Shirley is right. And I wonder where Prieto got all those ideas from. So he thinks we Cubans in Cuba don’t smile, don’t dance (well I can’t dance), don’t party, don’t go to the beach, don’t entertain, etc. Interestingly enough Prieto, it seems, eventually went and joined the nation that is responsible for most of Cuba’s suffering, for the suffering of Cuba is not the result of Fidel but of decades and decades of US harassment and economic soffocation. (And by the way, there are more Mexicans trying to cross to the US side than there are Cubans taking to the sea to get to Miami.) I mean Cuba is far from being idyllic or perfect; there is a lot that needs to improve here in Cuba, there’s lots of daily hardships. But a look around Latin America shows our neighbors, Peruvians, Hondurans, Guatemalans, etc. are no better off. Oh, but there is democracy and freedom there, and children prostitutes, drugs, violence are all invisible.
    Prieto, Alberto should not react so viciously to Shirley’s comments. Instead, they should come down to Cuba sometime, check it out for yourselves, not from the US mainstream media.

  • Shirley – we cover Haiti whenever we can. Our coverage, however, is severely limited by the fact that there’s just not much citizen media activity going on there.

  • I find it curious that JJ Jacobs purports to be posting from Cuba, since ordinary Cubans are denied access to the internet.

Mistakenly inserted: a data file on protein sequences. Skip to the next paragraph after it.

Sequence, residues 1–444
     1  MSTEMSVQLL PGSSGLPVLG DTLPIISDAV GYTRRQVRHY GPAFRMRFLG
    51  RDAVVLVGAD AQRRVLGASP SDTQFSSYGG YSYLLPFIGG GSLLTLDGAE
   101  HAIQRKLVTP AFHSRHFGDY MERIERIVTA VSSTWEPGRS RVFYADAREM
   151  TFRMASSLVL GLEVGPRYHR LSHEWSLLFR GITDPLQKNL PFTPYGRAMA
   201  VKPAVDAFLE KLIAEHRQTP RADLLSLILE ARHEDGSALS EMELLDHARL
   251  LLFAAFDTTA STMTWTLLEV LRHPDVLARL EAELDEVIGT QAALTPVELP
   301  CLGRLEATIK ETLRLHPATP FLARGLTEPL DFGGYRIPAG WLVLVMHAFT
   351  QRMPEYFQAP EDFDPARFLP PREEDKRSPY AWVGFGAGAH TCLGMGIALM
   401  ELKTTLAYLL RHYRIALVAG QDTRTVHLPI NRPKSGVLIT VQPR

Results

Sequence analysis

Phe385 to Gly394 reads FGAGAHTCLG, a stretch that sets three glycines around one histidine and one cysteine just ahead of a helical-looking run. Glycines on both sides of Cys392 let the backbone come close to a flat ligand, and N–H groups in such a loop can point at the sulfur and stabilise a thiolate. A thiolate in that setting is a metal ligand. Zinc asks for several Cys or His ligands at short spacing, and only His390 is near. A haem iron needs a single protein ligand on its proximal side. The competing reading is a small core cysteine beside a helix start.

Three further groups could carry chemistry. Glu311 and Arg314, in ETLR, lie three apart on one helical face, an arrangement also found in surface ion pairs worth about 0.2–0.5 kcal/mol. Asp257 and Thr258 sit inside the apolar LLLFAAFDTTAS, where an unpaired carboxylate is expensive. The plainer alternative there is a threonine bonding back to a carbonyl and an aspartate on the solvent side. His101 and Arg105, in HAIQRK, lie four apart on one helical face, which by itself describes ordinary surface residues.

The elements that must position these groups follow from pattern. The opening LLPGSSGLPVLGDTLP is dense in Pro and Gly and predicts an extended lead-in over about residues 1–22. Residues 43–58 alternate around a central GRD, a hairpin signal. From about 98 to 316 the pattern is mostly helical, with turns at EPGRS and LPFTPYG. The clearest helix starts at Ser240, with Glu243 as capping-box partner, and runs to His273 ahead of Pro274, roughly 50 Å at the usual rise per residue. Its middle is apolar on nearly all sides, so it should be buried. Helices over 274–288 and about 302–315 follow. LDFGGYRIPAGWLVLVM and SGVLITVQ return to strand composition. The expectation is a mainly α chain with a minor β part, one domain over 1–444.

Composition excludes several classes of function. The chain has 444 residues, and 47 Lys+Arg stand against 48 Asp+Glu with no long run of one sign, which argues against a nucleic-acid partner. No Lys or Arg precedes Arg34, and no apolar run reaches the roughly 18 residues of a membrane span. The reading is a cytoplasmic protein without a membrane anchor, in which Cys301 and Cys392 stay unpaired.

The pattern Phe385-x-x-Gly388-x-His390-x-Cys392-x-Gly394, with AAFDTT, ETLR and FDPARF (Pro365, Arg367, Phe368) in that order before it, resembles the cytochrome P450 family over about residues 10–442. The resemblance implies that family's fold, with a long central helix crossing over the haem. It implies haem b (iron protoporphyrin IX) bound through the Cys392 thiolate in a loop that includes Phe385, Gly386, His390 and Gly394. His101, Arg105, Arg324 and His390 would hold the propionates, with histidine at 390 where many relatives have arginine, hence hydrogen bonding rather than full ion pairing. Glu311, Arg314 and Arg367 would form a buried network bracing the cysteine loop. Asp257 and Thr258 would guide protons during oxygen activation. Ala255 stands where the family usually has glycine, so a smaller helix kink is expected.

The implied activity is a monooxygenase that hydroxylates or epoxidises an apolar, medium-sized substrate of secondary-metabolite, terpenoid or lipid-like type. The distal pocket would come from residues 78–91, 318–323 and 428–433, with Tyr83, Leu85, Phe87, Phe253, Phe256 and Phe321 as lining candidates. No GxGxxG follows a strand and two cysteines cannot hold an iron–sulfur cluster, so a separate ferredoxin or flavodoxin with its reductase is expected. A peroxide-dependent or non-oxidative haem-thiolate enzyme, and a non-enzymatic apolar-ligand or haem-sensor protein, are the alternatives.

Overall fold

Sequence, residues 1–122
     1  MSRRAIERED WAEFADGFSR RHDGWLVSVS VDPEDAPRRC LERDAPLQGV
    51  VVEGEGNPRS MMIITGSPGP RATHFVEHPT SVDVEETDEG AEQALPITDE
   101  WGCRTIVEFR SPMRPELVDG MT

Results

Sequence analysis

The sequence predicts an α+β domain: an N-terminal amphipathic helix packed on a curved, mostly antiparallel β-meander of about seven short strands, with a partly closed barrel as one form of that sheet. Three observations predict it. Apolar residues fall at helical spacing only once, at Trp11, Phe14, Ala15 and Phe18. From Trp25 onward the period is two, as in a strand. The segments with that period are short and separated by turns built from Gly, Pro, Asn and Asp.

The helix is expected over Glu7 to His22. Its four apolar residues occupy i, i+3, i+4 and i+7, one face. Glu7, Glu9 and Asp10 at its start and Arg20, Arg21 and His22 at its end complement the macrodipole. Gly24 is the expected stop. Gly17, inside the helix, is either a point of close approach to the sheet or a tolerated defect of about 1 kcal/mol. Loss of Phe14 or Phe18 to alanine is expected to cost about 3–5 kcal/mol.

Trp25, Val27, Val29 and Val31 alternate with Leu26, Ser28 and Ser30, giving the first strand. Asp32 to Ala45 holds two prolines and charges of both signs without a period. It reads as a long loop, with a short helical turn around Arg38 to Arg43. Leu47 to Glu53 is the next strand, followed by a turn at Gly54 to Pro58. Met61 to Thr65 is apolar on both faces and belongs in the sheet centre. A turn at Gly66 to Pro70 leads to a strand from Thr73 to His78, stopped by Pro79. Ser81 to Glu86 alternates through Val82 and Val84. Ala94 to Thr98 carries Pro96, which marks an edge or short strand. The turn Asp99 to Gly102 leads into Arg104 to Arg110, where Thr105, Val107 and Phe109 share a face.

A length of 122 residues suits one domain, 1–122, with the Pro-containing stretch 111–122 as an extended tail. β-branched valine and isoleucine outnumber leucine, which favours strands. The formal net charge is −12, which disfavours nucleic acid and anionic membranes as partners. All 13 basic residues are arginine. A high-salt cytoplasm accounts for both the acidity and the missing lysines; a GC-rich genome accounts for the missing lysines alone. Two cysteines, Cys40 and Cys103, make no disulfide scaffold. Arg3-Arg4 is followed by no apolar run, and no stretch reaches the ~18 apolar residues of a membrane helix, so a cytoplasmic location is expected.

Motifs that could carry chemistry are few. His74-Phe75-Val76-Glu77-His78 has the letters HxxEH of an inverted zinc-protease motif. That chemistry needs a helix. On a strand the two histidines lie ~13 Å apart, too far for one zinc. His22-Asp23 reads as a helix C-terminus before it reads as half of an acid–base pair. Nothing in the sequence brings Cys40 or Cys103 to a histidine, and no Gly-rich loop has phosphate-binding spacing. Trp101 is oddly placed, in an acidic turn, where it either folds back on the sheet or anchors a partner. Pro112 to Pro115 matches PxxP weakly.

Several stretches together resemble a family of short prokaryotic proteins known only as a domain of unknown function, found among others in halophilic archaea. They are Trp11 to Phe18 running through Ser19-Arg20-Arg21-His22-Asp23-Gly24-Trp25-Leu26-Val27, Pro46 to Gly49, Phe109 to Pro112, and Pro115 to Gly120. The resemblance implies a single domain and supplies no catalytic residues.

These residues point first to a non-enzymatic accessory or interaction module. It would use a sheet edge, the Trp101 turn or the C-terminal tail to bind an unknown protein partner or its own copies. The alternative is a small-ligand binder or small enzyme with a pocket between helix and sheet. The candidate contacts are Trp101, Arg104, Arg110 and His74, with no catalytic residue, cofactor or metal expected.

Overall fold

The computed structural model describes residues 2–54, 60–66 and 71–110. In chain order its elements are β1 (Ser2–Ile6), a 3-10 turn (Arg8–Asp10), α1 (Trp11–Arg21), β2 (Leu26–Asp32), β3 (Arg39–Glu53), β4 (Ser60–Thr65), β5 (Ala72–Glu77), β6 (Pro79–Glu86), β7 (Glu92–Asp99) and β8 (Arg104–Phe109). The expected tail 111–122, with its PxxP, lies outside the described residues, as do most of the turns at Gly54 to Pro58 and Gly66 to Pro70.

• Ziva

    So, forget the executions, the oppression, the consecration camps, forget all of Fidel Castro´s crimes against the Cuban people. They love him, they are smiling happy people, and any misery they suffer is the fault of the U.S.

    Pray tell then, why do those rafts only go one way, straight to Florida?

Join the conversation

Authors, please log in »

Guidelines

  • All comments are reviewed by a moderator. Do not submit your comment more than once or it may be identified as spam.
  • Please treat others with respect. Comments containing hate speech, obscenity, and personal attacks will not be approved.

Receive great stories from around the world directly in your inbox.

Sign up to receive the best of Global Voices!

Submitted addresses will be confirmed by email, and used only to keep you up to date about Global Voices and our mission. See our Privacy Policy for details.

Newsletter powered by Mailchimp (Privacy Policy and Terms).

* = required field
Email Frequency



No thanks, show me the site